A Simplified yet Enhanced and Versatile Microfluidic Platform for Cyclic Cell Stretching on an Elastic Polymer
Interactions of cells with their surrounding microenvironments constitute a key fundamental topic in the fields of tissue engineering, regenerative medicine, etc. Among these interactions, mechanotransduction, a process that cells sense and respond to mechanical stimuli, is much complicated. Developing microdevices for cell stretching can provide powerful tools to the studies of mechanobiology of cells. Recently, Ding’s group using microfabrication technology and finite element analysis, designed and prepared a facile microfluidic cell stretching platform for cyclic cell stretching.
Conventional microfluidic chips consist of three layers with an elastic membrane sandwiched by two microchannel layers. Fabrication of “three-layer chips” requires alignment of the two microchannel layers, which is not easy for such a miniaturized device. What makes the alignment more difficult is that the plasma bonding, which is the most reliable bonding process for PDMS, should be made immediately after the plasma treatment, leaving little time for the alignment. Thus, some alternative methods have been suggested, such as casting PDMS prepolymer; but it is not as robust as plasma bonding. Additionally, the three-layer chips require the removal of the membranes on both side-cavities, which increases the fabrication complexity.
Ding’s group designed a facile microfluidic device with only two layers. The working mechanism is that the side-cavities perform elastic deformation under negative pressure to stretch the membrane in the middle chamber. The advantages would be no need for chip alignment, no need to remove the membrane from both side-cavities, and shorter working distance in the later microscopic observation of cells on the rubber.
Figure 1. Schematic presentation of a simplified versus conventional microfluidic chip for cell stretching. While the conventional microfluidic chip consists of three layers (called the “three-layer chip”), the simplified one consists of only two layers (called the “two-layer chip”).
The possible bottleneck comes from varying the focus plane in z-direction during stretching driven by negative pressure, which must be significant under large stretching ratios. Ding’s group overcame such difficulty to a large extent, in the case of appropriate device parameters which were determined based upon finite element analysis and orthogonal experimental design. The novel chip was fabricated and confirmed to work in frequency up to 2 Hz and stretching ratio up to 20%.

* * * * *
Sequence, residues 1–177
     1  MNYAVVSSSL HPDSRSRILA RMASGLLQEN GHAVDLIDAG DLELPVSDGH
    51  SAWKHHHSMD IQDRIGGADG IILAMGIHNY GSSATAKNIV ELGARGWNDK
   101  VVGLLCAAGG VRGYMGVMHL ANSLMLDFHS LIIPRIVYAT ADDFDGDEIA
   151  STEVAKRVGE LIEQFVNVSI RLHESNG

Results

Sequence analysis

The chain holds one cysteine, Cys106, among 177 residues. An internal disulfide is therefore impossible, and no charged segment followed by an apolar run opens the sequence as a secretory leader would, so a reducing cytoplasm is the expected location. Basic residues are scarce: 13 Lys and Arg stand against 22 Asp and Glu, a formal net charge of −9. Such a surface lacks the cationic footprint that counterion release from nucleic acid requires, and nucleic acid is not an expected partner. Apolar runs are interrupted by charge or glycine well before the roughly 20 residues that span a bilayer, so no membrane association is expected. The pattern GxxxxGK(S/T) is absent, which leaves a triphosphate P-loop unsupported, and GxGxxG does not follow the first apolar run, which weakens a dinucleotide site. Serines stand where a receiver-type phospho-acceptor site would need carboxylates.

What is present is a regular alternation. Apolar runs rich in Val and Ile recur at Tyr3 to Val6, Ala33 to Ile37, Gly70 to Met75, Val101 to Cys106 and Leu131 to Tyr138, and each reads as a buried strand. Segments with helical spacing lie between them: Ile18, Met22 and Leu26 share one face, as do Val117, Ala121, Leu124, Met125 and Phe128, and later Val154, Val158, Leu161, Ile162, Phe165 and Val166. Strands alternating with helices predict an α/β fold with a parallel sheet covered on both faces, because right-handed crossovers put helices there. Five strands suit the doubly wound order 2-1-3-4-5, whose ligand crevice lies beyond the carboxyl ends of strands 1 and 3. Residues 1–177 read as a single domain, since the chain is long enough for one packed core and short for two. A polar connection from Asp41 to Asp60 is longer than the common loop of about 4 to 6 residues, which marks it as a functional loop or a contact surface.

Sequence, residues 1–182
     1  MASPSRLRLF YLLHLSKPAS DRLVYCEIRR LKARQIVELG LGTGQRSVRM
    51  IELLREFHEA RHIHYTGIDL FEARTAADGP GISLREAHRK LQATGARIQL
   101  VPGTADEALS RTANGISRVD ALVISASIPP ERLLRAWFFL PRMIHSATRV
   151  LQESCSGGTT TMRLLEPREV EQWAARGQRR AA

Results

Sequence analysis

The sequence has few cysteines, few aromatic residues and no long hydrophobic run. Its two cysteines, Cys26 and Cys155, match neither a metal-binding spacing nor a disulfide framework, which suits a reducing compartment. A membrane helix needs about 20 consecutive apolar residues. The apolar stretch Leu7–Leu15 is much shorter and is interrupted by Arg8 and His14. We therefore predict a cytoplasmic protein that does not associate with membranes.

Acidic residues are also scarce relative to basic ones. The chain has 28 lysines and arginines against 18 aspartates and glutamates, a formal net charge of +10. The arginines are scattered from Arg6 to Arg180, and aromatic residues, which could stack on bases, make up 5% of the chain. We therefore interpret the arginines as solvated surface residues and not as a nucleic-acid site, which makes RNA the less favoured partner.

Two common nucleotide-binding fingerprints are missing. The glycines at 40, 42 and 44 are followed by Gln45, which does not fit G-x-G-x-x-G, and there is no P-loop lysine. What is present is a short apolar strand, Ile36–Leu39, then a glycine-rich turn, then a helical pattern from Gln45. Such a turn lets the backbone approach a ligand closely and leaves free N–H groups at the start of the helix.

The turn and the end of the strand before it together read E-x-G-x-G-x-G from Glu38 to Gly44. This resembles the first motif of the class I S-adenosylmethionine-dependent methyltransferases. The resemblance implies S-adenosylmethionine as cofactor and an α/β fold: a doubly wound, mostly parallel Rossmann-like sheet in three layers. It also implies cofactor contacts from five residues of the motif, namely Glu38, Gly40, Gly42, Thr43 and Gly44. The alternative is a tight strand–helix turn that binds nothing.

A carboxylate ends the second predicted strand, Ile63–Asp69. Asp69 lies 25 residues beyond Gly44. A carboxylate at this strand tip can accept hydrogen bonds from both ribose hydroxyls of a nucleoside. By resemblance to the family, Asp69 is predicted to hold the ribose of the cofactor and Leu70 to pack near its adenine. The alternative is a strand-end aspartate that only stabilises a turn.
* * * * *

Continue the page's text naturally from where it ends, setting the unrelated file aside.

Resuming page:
Figure 2. Optimization of chip structure by finite element analysis and orthogonal experimental design. In order to facilitate the calculation of the physical model, the chip structure was refined to obtain simple geometric structures and boundary conditions, and then the deformation of the chip under the action of air pressure was studied by finite element analysis. Finally, the optimal structure was obtained on computer through orthogonal experimental design. The color scale of the simulation outputs represents the distribution of stress. W1: width of activation cavity, W2: width of sidewall, T: thickness of membrane, H: height of microchannel.
Ding’s group further explored the extendibility of the two-layer chip for multiple stretching modes (uniaxial, radial, and gradient). Besides achieving the uniaxial stretching, the chips of radial stretching and gradient stretching were further fabricated with facile photomask design and fabrication processes. By carefully comparing the cell orientation with the displacement field for each stretching mode, we found that the orientation of cells is perpendicularly correlated to the displacement field. Since the displacement represents the disturbance to the cells, it is reasonable that individual cells oriented perpendicular to the local displacement, that is, the direction with least disturbance.
Figure 3. The three stretching modes and their cell experimenting results. The items shown from left to right are the stretching mode, cell states, and statistics of cell orientation. Scales bars: 200 μm.
The two-layer chip enables a close observation of cytoskeleton through a short working distance (~20 μm, i.e., the membrane thickness), simply owing to the removal of the third layer, which otherwise appear in the conventional three-layer chips. Both cytoskeletons changed the orientation. There are significant differences in orientation (i.e., order parameter) before and after stretching. After stretching, both cytoskeletons showed high order of orientation (Figure 4).
Figure 4. Fluorescence micrographs of cytoskeleton structures and their statistics. (A) Fluorescence micrographs of microtubules (left column) and stress fibers (middle column) before and after uniaxial stretching, and the fiber orientation marked by computer programs developed by the authors. (B) The left figure shows the orientation statistics of microtubule and stress fiber after uniaxial stretching. The right figure shows the order parameters of the cytoskeleton before and after uniaxial stretching. Marked in the figure are significant differences with “*” (p < 0.05), “**” (p < 0.01) and “***” (p < 0.001)
Ding’s group developed a simplified yet enhanced and versatile microfluidic platform for cell stretching. The novel two-layer chip could, albeit simplified, be a versatile and powerful tool in studies of cell mechanics and biomedical materials.
The article was published in the journal of Biofabrication with Dr. Yingning He as the first author and Professor Jiandong Ding as corresponding author. See please: Yingning He, Tianjiao Mao, Yexin Gu, Yuqian Yang, Jiandong Ding*, A simplified yet enhanced and versatile microfluidic platform for cyclic cell stretching on an elastic polymer. Biofabrication, 12 (2020) 045032.
Article link: https://iopscience.iop.org/article/10.1088/1758-5090/abb295